Astronomers Find 7 Earth-Sized Planets Around A Nearby Star

Feb 22, 2017

By Nell Greenfieldboyce

A small, faint star relatively close by is home to seven Earth-sized planets with conditions that could be right for liquid water and maybe even life.

The discovery sets a record for both the most Earth-sized planets and the most potentially habitable planets ever discovered around a single star.

The strange planetary system is quite compact, with all of these worlds orbiting their star closer than Mercury orbits the sun, according to a newly published report in Nature.

“If you were on the surface of one of these planets, you would see the other ones as we see the moon, or a bit smaller,” says Michaël Gillon, an astronomer at the University of Liège in Belgium. “The view would be very impressive.”

The cool, reddish star is about 40 light-years away, in the constellation Aquarius. “It’s a very tiny star,” says Gillion, “10 times smaller than the sun.”

Until recently, no one was even looking for planets around so-called ultracool dwarf stars.

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14 comments on “Astronomers Find 7 Earth-Sized Planets Around A Nearby Star

  • Here is a BBC article on the same topic.

    http://www.bbc.co.uk/news/science-environment-39034050

    The planets were detected using Nasa’s Spitzer Space Telescope and several ground-based observatories are described in the journal Nature.

    . . . according to this BBC article, although the OP link says ..

    Already, initial observations have been made with the Hubble Space Telescope, he says, and the data is being analyzed. More observations with Hubble are planned to search for signs of water or methane.



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  • 3
    breezing says:

    As a matter of fact a Muslim believer – friend of mine- already commented that; seven earths are mentioned in Quran ! …any body to repel that claim ?



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  • breezing #3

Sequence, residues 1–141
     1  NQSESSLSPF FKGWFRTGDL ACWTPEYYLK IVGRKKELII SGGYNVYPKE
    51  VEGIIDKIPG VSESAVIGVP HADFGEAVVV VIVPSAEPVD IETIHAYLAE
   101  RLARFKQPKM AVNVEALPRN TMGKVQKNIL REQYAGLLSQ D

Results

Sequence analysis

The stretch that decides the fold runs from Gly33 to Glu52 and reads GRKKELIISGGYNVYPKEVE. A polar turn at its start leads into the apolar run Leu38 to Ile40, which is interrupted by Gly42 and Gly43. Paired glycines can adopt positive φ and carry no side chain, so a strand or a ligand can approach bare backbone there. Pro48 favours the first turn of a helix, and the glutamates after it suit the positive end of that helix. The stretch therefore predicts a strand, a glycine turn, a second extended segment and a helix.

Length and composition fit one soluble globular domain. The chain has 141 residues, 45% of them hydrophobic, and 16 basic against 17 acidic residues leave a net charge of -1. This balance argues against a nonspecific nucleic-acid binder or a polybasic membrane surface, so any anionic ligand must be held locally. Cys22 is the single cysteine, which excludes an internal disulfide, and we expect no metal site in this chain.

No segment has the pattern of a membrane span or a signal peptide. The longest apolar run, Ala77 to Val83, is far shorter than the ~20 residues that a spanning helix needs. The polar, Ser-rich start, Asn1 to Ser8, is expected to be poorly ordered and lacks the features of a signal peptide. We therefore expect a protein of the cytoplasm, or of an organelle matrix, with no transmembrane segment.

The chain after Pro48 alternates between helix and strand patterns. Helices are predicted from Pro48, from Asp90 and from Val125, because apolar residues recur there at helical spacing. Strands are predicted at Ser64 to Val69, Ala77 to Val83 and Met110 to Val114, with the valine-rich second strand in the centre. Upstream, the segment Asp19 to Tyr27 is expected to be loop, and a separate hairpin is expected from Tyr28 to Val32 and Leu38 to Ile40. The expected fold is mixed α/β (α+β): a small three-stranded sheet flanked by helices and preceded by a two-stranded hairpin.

Feb 23, 2017 at 3:58 am

    seven earths are mentioned in Quran ! …any body to repel that claim ?

    I don’t know about repelling it, but if anyone ashed me which seven earths were known in the bronze-age, I would list:-

    sand, clay, peat, gravel, loess, silt and mud! 🙂



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  • breezing #3

    As a matter of fact a Muslim believer – friend of mine- already
    commented that; seven earths are mentioned in Quran ! …any body to
    repel that claim ?

    Only seven? I wonder why Allah didn’t know about all the others?

    Even just in the light of this report, we now know there are at least eight – our own, plus these 7 newly discovered others.

    But even this doesn’t reflect the actual situation, since this new discovery only relates to earth-sized planets newly discovered to be orbiting a single, not very distant star. But these are very far from being the only only Earth-like and/or potentially habitable habitable planets outside our own solar system:

    “In November 2013, astronomers reported, based on Kepler space mission data, that there could be as many as 40 billion Earth-sized planets orbiting in the habitable zones of Sun-like stars and red dwarfs in the Milky Way,[5][6] 11 billion of which may be orbiting Sun-like stars.[7]”

    Source: https://en.wikipedia.org/wiki/List_of_potentially_habitable_exoplanets

    And note: that’s just our own galaxy, the Milky Way. Who knows how many others there could be in the countless other galaxies in the universe? (Current estimates are that there are at least 100 billion of them.)

    So the current state of scientific knowledge isn’t that there are seven Earths. Merely that another seven have recently been discovered. If I’d written the Koran, I’d be feeling pretty sheepish right now.



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  • Just for clarity.

    When I wrote:

    (Current estimates are that there are at least 100 billion of them.)

    I was referring to other GALAXIES, not potentially Earth-like/habitable planets. And according to the above link, astronomers think there could be as many as 40 billion Earth-sized planets in our own galaxy alone.



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  • @OP – The discovery sets a record for both the most Earth-sized planets and the most potentially habitable planets ever discovered around a single star.

    I have cautioned before, that there is no reason to assume that Earth-sized planets are likely to be Earth-like planets.
    (Mars and Venus are two good examples of non-Earth-like planets!)



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  • Marco #6
    Feb 23, 2017 at 8:33 am

    Just for clarity.

    When I wrote:

    (Current estimates are that there are at least 100 billion of them.)

    I was referring to other GALAXIES, not potentially Earth-like/habitable planets. And according to the above link, astronomers think there could be as many as 40 billion Earth-sized planets in our own galaxy alone.